How to make dungeon tiles for D&D, Dungeons of Orkney and Dungeon Saga – Part 2) The Mold

Hi Everyone,

This is part two of my tutorial on how I made my dungeon tiles. For part one, please click here.

We’ve gotten as far as producing one, but hopefully two or three unique masters. By that I mean we’ve got three tiles sculpted in greenstuff. You’ve let them set and they’re ready for casting!

You’re going to need some instant mold. It’s also known as oyumaru (I belive it’s a Japanese invention). Basically this is a silicon type material, which when you dunk it in boiled water for a minute or so becomes super flexible. As it cools it dries over a period of a minute or two, capturing almost perfectly the details of whatever you may have pressed into it. Including fingerprints! When you’ve done with it, you can just reset it by dunking it back in boiled water and then you’re ready to cast something else.

You can pick it up online from most places, but I’ve linked you The Outpost, which is my FLGS (Friendly Local Gaming Store) in the hopes that if you do buy some, you’ll get it from him (always good to support your local businesses!).

Anyway, Onwards. Boil the kettle. Have a cup of tea. Also, get a bowl of boiled water (be careful and don’t burn yourself kids!). Take your instant mold and drop it in the water.

Leave it in there for about 2 or 3 minutes. It’s not going to hurt it, but it should ensure that the instant mold becomes fully malleable. After this period has elapsed, grab a fork or similar and fish it out. Be careful again here as the instant mold ain’t going to be cold!

You’ll find that it’s changed from being a slightly flexible solid, and instead become something akin to a putty. Whilst it’s in this state you want to splat it down on one of your masters. The best way to do this is to put your master, detail side up, on a clean cutting mat. Then push the instant mold down on top of it from above. You want to make sure that the instant mold covers your master completely and overlaps the edges.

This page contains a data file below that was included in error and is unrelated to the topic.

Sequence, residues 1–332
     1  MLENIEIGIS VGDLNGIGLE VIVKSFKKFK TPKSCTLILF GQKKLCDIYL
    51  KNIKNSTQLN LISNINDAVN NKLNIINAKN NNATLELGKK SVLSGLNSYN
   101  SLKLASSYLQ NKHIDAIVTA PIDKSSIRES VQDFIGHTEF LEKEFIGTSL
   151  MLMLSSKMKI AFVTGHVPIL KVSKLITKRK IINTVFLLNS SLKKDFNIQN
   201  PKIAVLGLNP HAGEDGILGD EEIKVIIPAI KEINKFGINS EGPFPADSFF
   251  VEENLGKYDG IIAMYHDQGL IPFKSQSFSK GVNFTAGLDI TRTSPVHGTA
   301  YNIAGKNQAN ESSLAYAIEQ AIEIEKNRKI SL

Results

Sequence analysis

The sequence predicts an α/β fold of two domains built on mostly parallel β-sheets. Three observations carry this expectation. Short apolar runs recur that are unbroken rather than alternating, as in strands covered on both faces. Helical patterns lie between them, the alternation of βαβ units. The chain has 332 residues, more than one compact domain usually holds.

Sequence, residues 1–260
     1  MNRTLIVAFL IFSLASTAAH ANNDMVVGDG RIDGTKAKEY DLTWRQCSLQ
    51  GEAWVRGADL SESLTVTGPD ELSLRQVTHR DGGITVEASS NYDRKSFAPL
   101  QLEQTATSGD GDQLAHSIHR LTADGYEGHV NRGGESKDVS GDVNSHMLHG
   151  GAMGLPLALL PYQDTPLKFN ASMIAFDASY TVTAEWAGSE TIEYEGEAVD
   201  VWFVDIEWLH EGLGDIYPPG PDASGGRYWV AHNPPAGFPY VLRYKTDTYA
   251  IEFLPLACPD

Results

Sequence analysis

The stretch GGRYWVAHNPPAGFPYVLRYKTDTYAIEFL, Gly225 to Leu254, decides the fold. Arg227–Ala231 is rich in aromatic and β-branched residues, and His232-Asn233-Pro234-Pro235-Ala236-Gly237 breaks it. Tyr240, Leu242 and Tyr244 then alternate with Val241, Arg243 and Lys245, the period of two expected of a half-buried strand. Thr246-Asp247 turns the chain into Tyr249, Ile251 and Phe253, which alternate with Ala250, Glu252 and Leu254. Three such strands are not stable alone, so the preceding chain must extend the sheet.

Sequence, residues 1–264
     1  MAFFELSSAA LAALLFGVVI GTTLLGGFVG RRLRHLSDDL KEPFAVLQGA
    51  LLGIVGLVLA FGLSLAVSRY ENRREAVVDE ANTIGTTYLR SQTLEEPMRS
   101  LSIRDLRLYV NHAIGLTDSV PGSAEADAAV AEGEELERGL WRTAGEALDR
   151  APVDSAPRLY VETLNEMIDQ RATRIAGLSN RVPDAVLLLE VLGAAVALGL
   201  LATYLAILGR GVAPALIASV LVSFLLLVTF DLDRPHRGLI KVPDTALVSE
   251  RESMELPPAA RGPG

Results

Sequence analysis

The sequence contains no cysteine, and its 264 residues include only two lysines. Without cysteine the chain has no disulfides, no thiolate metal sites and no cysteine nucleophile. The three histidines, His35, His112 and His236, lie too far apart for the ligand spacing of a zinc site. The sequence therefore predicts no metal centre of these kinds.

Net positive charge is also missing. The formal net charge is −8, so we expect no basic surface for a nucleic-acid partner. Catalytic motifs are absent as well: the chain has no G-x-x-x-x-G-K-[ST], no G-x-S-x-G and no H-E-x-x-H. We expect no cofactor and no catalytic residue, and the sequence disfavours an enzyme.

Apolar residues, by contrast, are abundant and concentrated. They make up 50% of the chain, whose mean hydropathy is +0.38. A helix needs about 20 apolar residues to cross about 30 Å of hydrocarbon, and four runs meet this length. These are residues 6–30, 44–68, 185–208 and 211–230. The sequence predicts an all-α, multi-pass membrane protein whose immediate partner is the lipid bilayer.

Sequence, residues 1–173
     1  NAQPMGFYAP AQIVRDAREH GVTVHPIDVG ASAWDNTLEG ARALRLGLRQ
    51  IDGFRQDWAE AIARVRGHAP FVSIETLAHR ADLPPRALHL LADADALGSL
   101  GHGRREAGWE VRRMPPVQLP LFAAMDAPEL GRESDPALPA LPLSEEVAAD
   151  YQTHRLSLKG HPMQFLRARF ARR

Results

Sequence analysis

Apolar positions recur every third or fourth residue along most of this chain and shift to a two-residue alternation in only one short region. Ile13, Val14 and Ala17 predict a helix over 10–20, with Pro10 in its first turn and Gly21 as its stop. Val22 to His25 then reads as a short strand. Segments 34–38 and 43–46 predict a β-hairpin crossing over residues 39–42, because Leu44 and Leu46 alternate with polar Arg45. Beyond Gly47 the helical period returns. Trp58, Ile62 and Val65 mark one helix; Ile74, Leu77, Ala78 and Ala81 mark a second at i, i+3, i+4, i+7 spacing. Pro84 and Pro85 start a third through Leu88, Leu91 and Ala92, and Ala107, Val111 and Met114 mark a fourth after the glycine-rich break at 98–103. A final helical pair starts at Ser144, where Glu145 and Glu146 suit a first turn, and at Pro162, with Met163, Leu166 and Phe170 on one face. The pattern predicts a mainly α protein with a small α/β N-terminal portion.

Once you’re happy that the mold has covered it firmly, leave it to rest. If you can transport it without too much effort, you’ll speed the curing process up dramatically by running the whole thing under a cold tap for 10 seconds or so.

When it’s completely cured, peel the master away from the instant mold. If it’s too sticky (and it really shouldn’t be) try doing the peeling with the whole thing submerged in a bowl of water.

If you look at what you’ve got now, it should be a big blob with a dungeon tile imprinted into it. If you’re like me you’ll want to trim away the excess instant mold from the sides of the tile impression using a hobby knife.

You should be left with something that looks like this:

Dungeon Tile Mold

If that’s the case, congratulations, you’ve passed phase two and are ready to move on to phase three!

Unfortunately you’ll have to wait a day or two for me to write it and publish it!

As ever, if you’ve got any questions, feel free to drop me a comment below the line. Honestly, do it. Seriously. I want you to do it 🙂

Also, if you’ve found this useful, you’d be being extra helpful by visiting and joining my Facebook page by clicking on the button below.

Jimmi Waz ‘Ere

Thanks for reading,

Jimmi

4 thoughts on “How to make dungeon tiles for D&D, Dungeons of Orkney and Dungeon Saga – Part 2) The Mold

  1. Pingback: How to make dungeon tiles for D&D, Dungeons of Orkney and Dungeon Saga – Part 1) The Master | Jimmi Waz 'Ere

  2. Pingback: How to make dungeon tiles for D&D, Dungeon Saga, and Dungeons of Orkney – Part 3) Casting your first Tile | Jimmi Waz 'Ere

  3. Pingback: How to make dungeon tiles for D&D, Dungeon Saga, and Dungeons of Orkney – Part 4) Painting the Tiles | Jimmi Waz 'Ere

  4. Pingback: How to make a Simple Single Part Mold | Jimmi Waz 'Ere

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